The Sea of Cortez is known for its incredible sports fishing and we found an extremely reputable contact through TripAdvisor – Jonathan Roland at Tailhunter International. A Hawaiian-born Los Angeles native who became disillusioned with his life as a lawyer and decided one day to pack it all in and disappear into Mexico. Down to his last $20 and using his limited Spanish he helped a couple of tourists coordinate a fishing tour with one of the locals – and thought he could make something of this. 15 years later and he has become a bit of a local legend. He was there in the office when we booked the day before and he was there at 5am with our packed breakfast making sure we made it. We shared the hour bus ride with two middle-aged brothers from Alaska who have been coming to La Paz twice a year for 10 years (all through Jonathan at Tailhunters). We pulled into a fishing cove just as the sun was coming up, the outline of the cactus reminding us where we are.
The Alaskan brothers tell us it looks like Aaron and I have Victor as our captain for the day. They enthusiastically tell us he is one of the best captains in the region. We later find out he was the local fisherman Jonathan started with all those years ago. Victor doesn’t give us much of a greeting except motioning for Aaron to hurry up and help him carry on gear onto our little boat.
No time is wasted and Victor quickly gets us out to an area where he must know there is something around. He sets us both up with a rod, but interestingly not with any bait at all just a big bright lure. For about 45 minutes Victor winds the boat around in a figure eight at about ten knots, whilst Aaron and I are sitting with our rods out the back in the big white wash our boat is making. The pull on our lines from the speed of the boat is the usual feeling we get when fish are nibbling back home, so we are a bit unsure with what we should be feeling. Aaron thinks he feels something, so starts reeling it in – but Victor yells out and tells Aaron there is nothing there. About 20 minutes later we realise we were going to know when there was a fish because the pull of it would rip your arm off. Aaron was putting on sunscreen when his rod got yanked like I have never seen before, and it was game on. There was about 20 solid seconds of pulling and tension like the rod was going to snap. Eventually the line does break and we would later find out that this would be a great ‘one that got away’ stories.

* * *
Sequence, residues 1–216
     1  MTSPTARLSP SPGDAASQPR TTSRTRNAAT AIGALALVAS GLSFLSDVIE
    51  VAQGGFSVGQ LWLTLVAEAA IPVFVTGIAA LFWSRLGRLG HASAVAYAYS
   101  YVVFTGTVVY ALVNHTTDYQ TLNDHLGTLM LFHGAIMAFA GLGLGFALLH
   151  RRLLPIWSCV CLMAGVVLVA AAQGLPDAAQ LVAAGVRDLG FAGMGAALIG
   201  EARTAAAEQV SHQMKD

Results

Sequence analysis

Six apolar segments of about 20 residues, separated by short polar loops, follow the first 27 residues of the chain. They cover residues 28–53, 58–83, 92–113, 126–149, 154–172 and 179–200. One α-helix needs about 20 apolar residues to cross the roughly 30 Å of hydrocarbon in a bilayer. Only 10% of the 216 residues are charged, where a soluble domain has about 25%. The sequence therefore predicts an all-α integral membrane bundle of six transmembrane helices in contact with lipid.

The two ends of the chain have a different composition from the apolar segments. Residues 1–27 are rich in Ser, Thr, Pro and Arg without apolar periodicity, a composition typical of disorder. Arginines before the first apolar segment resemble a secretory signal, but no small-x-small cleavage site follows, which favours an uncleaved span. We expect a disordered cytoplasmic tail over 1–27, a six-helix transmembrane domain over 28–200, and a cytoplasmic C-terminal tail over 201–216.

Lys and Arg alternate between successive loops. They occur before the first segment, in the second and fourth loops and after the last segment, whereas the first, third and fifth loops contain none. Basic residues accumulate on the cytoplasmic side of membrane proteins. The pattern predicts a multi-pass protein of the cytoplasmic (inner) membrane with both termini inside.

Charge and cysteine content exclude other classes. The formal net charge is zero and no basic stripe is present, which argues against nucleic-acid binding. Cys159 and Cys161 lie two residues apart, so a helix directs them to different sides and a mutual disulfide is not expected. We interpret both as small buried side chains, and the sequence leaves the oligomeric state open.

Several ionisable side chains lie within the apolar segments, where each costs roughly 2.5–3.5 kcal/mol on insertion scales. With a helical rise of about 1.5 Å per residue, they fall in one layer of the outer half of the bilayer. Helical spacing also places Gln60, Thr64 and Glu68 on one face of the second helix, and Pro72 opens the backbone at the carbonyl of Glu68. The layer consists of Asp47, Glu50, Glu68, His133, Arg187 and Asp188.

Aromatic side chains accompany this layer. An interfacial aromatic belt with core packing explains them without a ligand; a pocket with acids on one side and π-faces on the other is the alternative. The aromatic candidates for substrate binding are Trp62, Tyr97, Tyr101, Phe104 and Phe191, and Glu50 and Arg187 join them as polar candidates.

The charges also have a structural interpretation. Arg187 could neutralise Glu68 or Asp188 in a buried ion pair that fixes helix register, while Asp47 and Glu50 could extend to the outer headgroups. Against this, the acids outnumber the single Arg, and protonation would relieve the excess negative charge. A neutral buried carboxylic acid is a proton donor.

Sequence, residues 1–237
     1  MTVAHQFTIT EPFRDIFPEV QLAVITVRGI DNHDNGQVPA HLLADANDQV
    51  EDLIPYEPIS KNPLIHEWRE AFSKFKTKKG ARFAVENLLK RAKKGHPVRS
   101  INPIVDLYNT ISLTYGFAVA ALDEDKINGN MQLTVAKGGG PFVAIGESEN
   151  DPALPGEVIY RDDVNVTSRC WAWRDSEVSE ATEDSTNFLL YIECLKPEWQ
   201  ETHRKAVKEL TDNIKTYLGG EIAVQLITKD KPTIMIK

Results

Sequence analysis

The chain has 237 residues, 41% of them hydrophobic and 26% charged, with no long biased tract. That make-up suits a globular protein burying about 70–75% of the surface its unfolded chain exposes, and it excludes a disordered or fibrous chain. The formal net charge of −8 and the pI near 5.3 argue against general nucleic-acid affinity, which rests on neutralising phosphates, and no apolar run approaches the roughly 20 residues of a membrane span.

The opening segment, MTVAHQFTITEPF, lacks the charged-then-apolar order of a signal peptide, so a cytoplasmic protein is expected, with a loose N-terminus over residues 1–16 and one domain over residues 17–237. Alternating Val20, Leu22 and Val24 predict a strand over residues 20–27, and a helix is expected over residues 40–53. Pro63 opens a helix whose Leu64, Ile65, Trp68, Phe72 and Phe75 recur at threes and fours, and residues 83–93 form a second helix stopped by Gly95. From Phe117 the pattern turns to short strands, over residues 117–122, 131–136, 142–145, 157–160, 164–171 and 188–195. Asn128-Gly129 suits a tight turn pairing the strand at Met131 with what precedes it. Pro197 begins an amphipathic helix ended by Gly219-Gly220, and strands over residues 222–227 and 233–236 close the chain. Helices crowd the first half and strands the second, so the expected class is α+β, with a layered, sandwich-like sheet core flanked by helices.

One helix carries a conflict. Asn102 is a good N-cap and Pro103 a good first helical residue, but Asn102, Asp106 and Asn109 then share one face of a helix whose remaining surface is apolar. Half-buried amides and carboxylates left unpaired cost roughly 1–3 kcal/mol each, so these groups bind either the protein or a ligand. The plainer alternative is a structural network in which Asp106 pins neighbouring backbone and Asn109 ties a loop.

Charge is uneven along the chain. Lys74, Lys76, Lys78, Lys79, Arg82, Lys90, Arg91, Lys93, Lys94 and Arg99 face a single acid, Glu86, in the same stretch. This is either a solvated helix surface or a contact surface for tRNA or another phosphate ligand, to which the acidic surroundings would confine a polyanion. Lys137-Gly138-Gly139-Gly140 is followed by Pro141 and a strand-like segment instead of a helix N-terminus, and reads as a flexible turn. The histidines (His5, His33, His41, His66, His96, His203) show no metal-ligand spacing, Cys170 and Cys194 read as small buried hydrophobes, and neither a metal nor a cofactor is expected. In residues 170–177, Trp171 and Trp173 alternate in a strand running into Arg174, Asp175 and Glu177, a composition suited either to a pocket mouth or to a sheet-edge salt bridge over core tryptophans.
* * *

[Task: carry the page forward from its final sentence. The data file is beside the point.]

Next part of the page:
Victor took us over to another beautiful fishing spot, where for a couple of hours we soaked in the sun and excitedly reeled in 6 Seabass, 1 Pargo and 2 birds between us. The fish were huge and you had to work for it to reel them in. The birds part however, was just plain distressing. I was reeling one in thinking this is a huge fish, only for Victor to point out to me, I had bagged a big pelican-like bird about 50 meters away. They circle the area where the fish are, waiting to dive in and grab them. Unfortunately they sometimes take the line and hook as well. Too much for me, so I handed the rod to Victor who slowly reeled in the bird, pulled it out of the water and de-hooked it. Not 5 minutes later, Aaron had caught a bird as well – but this one was trying to fly away. It was like a comedy movie or cartoon. Eventually Victor dragged him in and I can happily report that both our bird friends survived the encounter.